Assessing our Assessments
by Edwin D. Reilly, Jr.
the Sunday Gazette
the Sunday Gazette
widespread and continual citizen reaction, general understanding of the
operation of the real property tax system appears to be far less than
the sales tax or income tax. At the heart of this is the stubborn
some municipalities to assess real property at the only percentage that
sense, 100%, or to maintain that rate over time.
to tell me that my house was assessed at, say, $150,000, then I could
do a mental calculation that compares that price with what I believe I
sell my home for right now. For most parts of our county, such a number
be pretty close to 100% of market value. But if I were told that my
is only $4,000, as is typical in Rotterdam, I wouldn’t know what to
a number would not be the bargain it appears to be if I found out that
homes similar to mine were assessed at only $3,000.
Schenectady adopt 100% assessment several years ago, but its very
assessor Tony Popolizio has been trying valiantly to maintain that
carefully monitoring sales trends and adjusting assessment where
because of the currently “hot” real estate market, the city’s
rate—the ratio of the average city assessment to the purported average
value—has slipped to 89%. Slippage in Glenville, Niskayuna, and
of which were once in the vanguard of adopting full value assessments,
even worse. Glenville’s equalization rate is down to 84%, Niskayuna’s
and Duanesburg’s to just 39%. Rotterdam’s was as low as 9% as far back
and is now a miniscule 4%. Equalization rates are needed not just to
property owners, they are absolutely essential in order to make sure
of comparable homes in, say, Glenville and Rotterdam, pay the same
even though their assessments are more than $100,000 apart.
of these towns and the hard-pressed City of Schenectady, reap a
windfall by using
or returning to 100% assessment? Not at all. As assessments rise, tax
fall to compensate. The tax rate is a derived quantity, the ratio of
of money a municipality needs to collect in property tax divided by the
assessed value in that venue. A town or city may need to collect more
year to the next, and that would raise taxes, but changes in assessment
would not. Let’s see why.
small town that has only one assessable parcel, a large apartment
where all residents live, including its elected officials. All other
are churches or exempt State property, and the apartment complex is
one million dollars. Last year, the town adopted a budget that called
collection of $40,000 in property tax, leading to a tax rate of $40 per
thousand of assessed value. The owner of the building, of course, then
times 1,000 thousands, the entire $40,000 that the town needs to stay
business; there is no one else to tax.
This year, the assessor determines that, based on sales of comparable apartment buildings in the same county, “her” apartment building is undervalued, so she raises its assessment to two million, But since the (frugal) Town Board still needs only $40,000, the new tax rate will be just $20 per thousand. So the apartment owner now pays 20 times 2,000 thousands, the same $40,000 tax as the year before, no more, no less, there being no one else to help.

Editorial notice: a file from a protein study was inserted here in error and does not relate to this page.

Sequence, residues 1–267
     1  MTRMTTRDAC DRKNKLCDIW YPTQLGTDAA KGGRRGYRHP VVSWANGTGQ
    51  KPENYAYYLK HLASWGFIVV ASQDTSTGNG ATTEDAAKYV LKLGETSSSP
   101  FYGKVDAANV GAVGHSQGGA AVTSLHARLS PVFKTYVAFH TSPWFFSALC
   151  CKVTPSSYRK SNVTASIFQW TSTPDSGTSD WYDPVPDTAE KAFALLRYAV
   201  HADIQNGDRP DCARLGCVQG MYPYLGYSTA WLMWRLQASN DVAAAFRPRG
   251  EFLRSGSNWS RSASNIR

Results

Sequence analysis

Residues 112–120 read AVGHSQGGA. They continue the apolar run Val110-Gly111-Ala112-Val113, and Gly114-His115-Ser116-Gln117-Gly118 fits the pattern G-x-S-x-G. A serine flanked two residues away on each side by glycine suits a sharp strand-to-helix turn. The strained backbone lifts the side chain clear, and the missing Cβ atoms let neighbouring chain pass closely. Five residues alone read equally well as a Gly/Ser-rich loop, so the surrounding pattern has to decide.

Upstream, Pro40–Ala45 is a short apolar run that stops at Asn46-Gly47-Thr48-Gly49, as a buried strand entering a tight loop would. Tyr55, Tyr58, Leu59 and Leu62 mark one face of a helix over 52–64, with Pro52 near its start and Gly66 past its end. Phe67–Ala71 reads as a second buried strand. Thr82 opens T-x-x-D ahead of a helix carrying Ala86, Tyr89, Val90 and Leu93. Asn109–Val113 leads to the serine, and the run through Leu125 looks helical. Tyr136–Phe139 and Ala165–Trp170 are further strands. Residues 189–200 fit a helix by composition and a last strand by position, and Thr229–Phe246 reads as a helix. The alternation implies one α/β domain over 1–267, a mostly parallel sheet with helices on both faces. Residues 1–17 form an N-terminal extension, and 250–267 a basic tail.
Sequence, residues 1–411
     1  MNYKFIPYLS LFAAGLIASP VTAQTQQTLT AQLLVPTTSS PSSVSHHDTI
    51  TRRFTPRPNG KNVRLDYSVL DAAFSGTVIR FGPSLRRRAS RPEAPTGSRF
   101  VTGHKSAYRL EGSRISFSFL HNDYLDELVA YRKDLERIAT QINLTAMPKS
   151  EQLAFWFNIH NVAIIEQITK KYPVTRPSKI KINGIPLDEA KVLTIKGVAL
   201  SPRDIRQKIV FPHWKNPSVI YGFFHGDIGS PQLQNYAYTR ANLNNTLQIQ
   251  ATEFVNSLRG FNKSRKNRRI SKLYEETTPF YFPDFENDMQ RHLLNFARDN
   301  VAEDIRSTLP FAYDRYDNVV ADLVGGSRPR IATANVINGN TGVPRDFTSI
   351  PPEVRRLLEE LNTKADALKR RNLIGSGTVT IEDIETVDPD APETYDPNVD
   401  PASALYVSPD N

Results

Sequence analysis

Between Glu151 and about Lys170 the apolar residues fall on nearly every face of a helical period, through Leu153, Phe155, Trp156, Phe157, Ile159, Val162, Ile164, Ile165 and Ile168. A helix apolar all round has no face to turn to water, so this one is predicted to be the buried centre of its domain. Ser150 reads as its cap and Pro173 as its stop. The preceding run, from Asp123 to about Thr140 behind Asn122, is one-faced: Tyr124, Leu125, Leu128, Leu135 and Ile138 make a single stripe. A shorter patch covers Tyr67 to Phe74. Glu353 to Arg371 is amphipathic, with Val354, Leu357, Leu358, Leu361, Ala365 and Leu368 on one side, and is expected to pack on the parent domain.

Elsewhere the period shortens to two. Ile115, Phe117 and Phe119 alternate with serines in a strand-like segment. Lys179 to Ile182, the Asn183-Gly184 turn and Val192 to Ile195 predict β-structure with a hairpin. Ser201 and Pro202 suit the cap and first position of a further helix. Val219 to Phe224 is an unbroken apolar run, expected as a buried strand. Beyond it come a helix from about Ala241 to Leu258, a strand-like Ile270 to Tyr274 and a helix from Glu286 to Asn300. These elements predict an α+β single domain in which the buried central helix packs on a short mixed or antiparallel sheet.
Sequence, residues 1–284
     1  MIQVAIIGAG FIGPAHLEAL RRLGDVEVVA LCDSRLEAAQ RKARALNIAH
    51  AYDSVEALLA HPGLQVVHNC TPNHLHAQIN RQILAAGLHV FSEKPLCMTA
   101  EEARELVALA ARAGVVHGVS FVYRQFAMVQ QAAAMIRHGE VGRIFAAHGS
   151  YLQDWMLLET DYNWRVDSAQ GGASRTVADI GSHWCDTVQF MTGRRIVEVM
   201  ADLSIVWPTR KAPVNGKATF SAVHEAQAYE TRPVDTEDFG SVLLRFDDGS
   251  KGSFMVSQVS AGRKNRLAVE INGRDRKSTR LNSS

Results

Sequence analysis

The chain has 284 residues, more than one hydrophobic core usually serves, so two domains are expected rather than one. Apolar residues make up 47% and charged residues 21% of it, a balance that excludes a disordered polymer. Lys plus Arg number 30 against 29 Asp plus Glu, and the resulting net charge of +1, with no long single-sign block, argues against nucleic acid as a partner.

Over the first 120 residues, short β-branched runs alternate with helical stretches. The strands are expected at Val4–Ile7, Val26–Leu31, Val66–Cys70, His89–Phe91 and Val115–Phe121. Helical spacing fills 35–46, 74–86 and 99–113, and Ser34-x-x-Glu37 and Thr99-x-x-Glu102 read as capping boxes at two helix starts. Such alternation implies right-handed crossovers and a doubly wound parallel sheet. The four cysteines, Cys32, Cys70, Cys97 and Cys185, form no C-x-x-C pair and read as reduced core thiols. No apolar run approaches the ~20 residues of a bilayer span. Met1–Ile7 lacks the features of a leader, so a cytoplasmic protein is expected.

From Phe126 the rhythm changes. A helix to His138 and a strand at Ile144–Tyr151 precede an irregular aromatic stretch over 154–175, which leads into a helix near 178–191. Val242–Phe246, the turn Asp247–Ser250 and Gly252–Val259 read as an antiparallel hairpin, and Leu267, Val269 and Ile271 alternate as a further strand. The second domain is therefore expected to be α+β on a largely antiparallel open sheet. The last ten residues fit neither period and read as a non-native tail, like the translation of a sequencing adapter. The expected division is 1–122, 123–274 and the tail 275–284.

The same thing
would happen in a town of 12,620 property parcels (such as Rotterdam)
assessments were uniformly multiplied by 25—the tax rate would become
what it had been, and every owner would, with the same town budget, pay
same amount as the year before. Of course, such an exercise would just
perpetuate whatever rampant unfairness that creeps into an assessment
that has not been updated in many decades. There must be another
parameter, and there is.
uniform percent of full value is not inherently unfair, it merely
matters. The important concern is how closely assessments cluster about
adopted percentage. The State is the umpire in all this; the Office of
Property Services (see www.orps.state.ny.us) collects sales
to measure the deviation from uniformity, a stat with the imposing name
“coefficient of dispersion,” or COD. Their target, feebly enforced by
withdrawing a modicum of state aid if it is exceeded, is 15%. In a municipality with that COD, two homes each of
which has a true value of $100,000 might have assessments that are
$85,000 respectively, meaning that the owner assessed more highly would
“only” 35% more in tax than his luckier counterpart.
a COD of
15% is not very good, but given the volatility of the real estate
market, it is
very hard for an assessor to maintain a COD of less than 10%. The lowest and hence fairest in the county is
that of Niskayuna at 8%. Next in order are Glenville at about 10%,
at 13%, Rotterdam at 16%, and Duanesburg at a whopping 22%. The
Board finally seems ready to do something about their combination of a
combined with a vanishingly small assessment ratio, as certainly they
The best way to make sure that our whole county enjoys the benefits of 100% assessment with a low COD is through use of a well-funded county assessing unit. This is the consolidation step that most needs to be taken. We’d still need the current assessors; the savings would come from the economy of scale that would obtain whenever an updated countywide reassessment is deemed necessary. All that would be necessary to implement this would be a referendum in which the city and the towns (collectively, not individually) each vote approval. I don’t know what’s rotten in Denmark, but what’s rotten in New York State is its unacceptably long list of municipalities with a bloated COD.
Edwin D. Reilly, Jr., a former Supervisor of Niskayuna, is a regular contributor to the Gazette.